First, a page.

BC: Yeah, I would say it was like a top 10 American college game. There were a lot of American players over there, playing all over the place: Italy, France, Spain, Switzerland, Belgium.
CT: Did you ever meet Kobe Bryant’s dad, Joe Bryant?
BC: I played against Joe Bryant when he was at LaSalle. At Madison Square Garden during the Holiday Festival. We beat them and then we went onto the finals against St. John’s and beat them. We were lucky with Joe Bryant, though. Right at the start of the second half he twisted his ankle and was out for rest of the game. It helped tremendously.
CT: How did you become a Washington General?
BC: I was home. I had student teaching to do and some elective courses to do to finish up my degree. I was out in Queens working with special needs children. And one of the guys I played with in college was named Charlie Mahoney. He called me up and said “The Generals are looking for a big guy. You doing anything?” Since I’d been finishing up my degree, I’d played in a couple of rec leagues but was kind of burnt out. Charlie laid it out for me and I decided I’d try it. So I went out with the Generals in 1978 and I stayed there till 1986.
CT: Was there a formal tryout?
BC: It was mid-season and they needed somebody. I went out to Grand Rapids, Michigan. After that, we’d have guys come in and try them out at camp. We’d work them out at the Jewish Community Center in Atlantic City. We’d pick up about 2 or 3 guys every year.
CT: How high was the quality of play on the Generals?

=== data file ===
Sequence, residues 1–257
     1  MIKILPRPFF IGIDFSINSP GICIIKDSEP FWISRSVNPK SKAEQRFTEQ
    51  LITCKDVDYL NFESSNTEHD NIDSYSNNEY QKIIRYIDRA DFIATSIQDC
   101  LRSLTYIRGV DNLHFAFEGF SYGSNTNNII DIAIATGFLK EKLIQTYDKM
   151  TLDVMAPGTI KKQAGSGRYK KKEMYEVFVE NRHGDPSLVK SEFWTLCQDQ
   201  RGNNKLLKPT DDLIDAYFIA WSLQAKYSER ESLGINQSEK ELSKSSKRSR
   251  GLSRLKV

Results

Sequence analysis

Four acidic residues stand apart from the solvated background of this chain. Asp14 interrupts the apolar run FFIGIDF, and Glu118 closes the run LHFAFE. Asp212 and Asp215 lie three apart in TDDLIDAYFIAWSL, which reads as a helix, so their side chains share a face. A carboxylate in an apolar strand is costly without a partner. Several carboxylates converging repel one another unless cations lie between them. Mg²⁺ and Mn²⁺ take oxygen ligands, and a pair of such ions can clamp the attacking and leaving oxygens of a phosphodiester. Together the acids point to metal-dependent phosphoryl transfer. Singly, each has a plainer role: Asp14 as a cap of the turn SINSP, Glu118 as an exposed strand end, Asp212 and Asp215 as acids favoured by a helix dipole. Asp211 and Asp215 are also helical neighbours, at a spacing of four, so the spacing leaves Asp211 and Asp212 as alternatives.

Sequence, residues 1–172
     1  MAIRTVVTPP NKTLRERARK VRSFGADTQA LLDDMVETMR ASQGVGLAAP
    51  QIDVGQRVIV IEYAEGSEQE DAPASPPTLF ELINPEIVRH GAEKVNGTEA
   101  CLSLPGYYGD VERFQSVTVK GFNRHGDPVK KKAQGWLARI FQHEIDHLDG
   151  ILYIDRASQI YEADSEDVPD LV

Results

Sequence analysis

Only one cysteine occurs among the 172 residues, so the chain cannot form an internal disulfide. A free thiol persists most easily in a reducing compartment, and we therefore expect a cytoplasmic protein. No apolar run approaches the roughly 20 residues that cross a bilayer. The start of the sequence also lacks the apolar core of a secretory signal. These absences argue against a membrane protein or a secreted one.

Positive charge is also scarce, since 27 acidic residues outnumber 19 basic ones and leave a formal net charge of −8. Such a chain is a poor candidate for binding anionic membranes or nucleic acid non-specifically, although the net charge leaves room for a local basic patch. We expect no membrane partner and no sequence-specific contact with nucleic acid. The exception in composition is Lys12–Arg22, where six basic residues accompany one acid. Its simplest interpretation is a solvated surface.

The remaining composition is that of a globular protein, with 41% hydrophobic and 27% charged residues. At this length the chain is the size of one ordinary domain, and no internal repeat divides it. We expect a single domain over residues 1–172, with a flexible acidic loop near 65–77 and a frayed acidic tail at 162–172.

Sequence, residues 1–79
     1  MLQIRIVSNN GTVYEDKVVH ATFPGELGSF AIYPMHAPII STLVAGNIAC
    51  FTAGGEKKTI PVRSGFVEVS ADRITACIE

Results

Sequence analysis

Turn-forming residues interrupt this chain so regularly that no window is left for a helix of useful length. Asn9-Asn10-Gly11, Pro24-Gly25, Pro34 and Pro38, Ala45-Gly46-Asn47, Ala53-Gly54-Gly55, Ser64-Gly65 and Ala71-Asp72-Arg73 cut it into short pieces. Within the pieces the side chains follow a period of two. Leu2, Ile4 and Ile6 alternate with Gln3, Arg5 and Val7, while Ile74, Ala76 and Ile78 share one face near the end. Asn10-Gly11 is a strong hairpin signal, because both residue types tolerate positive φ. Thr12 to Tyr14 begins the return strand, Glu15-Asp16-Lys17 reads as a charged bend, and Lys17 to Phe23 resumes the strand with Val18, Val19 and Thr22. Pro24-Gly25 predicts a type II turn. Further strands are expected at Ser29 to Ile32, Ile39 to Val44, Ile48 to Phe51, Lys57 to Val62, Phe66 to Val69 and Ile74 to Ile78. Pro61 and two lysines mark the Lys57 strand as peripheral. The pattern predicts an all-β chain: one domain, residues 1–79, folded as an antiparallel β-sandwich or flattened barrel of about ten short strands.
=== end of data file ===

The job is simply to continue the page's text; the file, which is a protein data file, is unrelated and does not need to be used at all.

BC: We had a lot of good players. One guy when I started was Sam Pellom who went to SUNY Buffalo. He ended up playing with the Atlanta Hawks for a few years. As well as Charlie Criss, who played for the Hawks. Some of them played with us and ended up going onto the Globetrotters afterwards.
CT: What was Red Klotz like?
BC: He was funny. He was a great guy. He went back to the days of Abe Saperstein, Goose Tatum, Sweetwater Clifton. He always told the story that Abe Saperstein told him to get a team together against the Trotters. Red was from Philly and I guess they were coming into town. His team beat the Globetrotters two out of three or something. And Saperstein got the idea, “why don’t you get a team together and travel around with us” and that’s how it started. Red was out there a long time—like forty-something years. He had a lot of good stories about the different players.
CT: How did you guys prepare to play the Globetrotters?
BC: We strictly played man-to-man defense all the time. Back then, we’d be going up and down the floor. Meadowlark Lemon or another funny guy would be up in the stands and we’d be just playing. They’d work in their tricks and we’d get back to playing again.
CT: Who were your favorite guys on the Globetrotters to play against?
BC: Lou Dunbar was great. 6’10 out of the University of Houston. They had Robert Page, who was 7 foot, big, strong kid. He was from Houston Baptist. Eddie Fields out of Oklahoma was a great dribbler. They had good talent all around.